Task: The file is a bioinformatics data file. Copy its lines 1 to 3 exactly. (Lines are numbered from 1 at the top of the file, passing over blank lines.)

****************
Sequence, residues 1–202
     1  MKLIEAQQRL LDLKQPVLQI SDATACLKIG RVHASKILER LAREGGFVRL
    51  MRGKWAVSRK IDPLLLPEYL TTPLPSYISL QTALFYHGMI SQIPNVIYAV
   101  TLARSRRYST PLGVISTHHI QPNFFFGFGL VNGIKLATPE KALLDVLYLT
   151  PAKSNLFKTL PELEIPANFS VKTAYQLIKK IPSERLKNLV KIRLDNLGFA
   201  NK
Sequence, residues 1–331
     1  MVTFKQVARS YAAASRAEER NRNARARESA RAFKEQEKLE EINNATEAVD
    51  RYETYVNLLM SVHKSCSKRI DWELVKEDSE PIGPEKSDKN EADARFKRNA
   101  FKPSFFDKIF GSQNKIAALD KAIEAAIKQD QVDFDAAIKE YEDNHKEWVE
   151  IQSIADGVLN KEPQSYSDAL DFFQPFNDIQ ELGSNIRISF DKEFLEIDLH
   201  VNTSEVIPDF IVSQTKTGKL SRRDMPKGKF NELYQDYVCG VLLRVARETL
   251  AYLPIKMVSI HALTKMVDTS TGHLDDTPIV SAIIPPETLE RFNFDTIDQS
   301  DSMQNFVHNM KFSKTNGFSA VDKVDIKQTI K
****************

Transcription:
Sequence, residues 1–202
     1  MKLIEAQQRL LDLKQPVLQI SDATACLKIG RVHASKILER LAREGGFVRL
    51  MRGKWAVSRK IDPLLLPEYL TTPLPSYISL QTALFYHGMI SQIPNVIYAV